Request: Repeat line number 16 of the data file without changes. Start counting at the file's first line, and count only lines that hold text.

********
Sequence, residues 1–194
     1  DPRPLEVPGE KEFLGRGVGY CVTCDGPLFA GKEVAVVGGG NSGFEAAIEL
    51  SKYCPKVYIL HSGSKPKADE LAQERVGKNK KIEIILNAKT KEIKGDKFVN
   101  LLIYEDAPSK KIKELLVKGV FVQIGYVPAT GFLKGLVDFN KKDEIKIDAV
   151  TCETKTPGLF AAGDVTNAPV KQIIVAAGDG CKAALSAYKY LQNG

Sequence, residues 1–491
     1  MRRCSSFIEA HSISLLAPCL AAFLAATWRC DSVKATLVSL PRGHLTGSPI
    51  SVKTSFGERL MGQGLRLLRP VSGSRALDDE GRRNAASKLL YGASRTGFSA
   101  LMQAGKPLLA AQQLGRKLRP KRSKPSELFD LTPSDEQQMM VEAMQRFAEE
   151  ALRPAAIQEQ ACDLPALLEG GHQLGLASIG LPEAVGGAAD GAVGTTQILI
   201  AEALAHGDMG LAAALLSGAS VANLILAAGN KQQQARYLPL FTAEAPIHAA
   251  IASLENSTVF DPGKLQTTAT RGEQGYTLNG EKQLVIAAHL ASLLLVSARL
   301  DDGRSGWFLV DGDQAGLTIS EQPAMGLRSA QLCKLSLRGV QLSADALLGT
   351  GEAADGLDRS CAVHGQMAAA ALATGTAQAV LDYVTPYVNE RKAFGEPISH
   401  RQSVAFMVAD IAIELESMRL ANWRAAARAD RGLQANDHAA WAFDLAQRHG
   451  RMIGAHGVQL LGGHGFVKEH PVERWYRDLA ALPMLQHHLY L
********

   451  RMIGAHGVQL LGGHGFVKEH PVERWYRDLA ALPMLQHHLY L